There is no doubt that the internet has provided new opportunities for all of us, including those who create to deceive for their own personal gain. Below is an up to the minute list of e-mail scams currently in circulation, so make sure you check back with us to keep up to date with them.
You should always treat any request for bank or credit card details with suspicion. Banks and other financial institutions are regularly used by criminals as a cover to extract information from you, this form of fraud is called identity theft.
There are also a wide variety of e-mails claiming to be from foreign dignitaries, even royalty, who have access to millions of pounds, but for one reason or another need to place it in a bank account outside their country. You have been selected, and will be paid a commission of the millions for allowing your bank to be used.
Internet scammers are casting a new net, and going phishing. pronounced 'fishing'. Originated from the idea of throwing out lots of bait in the hope there are one or two bites. this practice is also known a 'brand spoofing' or 'carding'.
The idea is not really new, it is the high tech version of many postal and telephone scams
An e-mail is sent claiming to be from an established and usually well reputed company with the intention of deceiving the recipient into disclosing personal information that is used for identity theft.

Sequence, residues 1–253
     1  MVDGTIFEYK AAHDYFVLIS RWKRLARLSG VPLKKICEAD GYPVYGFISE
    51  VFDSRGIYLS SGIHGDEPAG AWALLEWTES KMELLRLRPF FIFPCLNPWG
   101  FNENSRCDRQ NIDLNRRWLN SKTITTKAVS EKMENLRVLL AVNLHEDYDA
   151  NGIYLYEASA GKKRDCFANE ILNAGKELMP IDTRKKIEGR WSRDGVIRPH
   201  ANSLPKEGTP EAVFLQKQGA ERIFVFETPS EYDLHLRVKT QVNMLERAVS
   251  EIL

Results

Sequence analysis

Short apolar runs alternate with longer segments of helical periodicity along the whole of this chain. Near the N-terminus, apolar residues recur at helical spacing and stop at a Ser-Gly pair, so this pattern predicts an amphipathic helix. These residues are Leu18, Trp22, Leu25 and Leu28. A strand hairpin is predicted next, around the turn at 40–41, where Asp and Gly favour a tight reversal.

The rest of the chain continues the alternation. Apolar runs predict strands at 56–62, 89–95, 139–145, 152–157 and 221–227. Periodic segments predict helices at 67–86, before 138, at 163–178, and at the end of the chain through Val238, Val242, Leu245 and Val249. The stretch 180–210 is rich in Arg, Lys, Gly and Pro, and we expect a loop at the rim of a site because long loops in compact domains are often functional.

The emails usually direct to a cloned web site, where they are asked to update passwords, credit card numbers or account details.
Companies who have been targeted are most banks, some finance/loan companies, Internet service providers AOL and Eathlink, MSN, Yahoo, E-Bay and Paypal have all fallen victims of the scams.
Always treat any request by email for personal information with suspicion, a reputable company will never ask you to update details by e-mail. Visit the company's' web site, most have warnings and details of the scams presently circulation. If you are still in doubt, send a copy of the e-mail to the company, (Do not use any links on the e-mail or the reply feature it will only go to the scammers), and ask them to confirm it is genuine.
It is estimated 20% of recipients of such e-mails are responded to, whilst the scammers are achieving such a high success rate, it is unlikely to subside, be on your guard and don't get caught in the phishing net.
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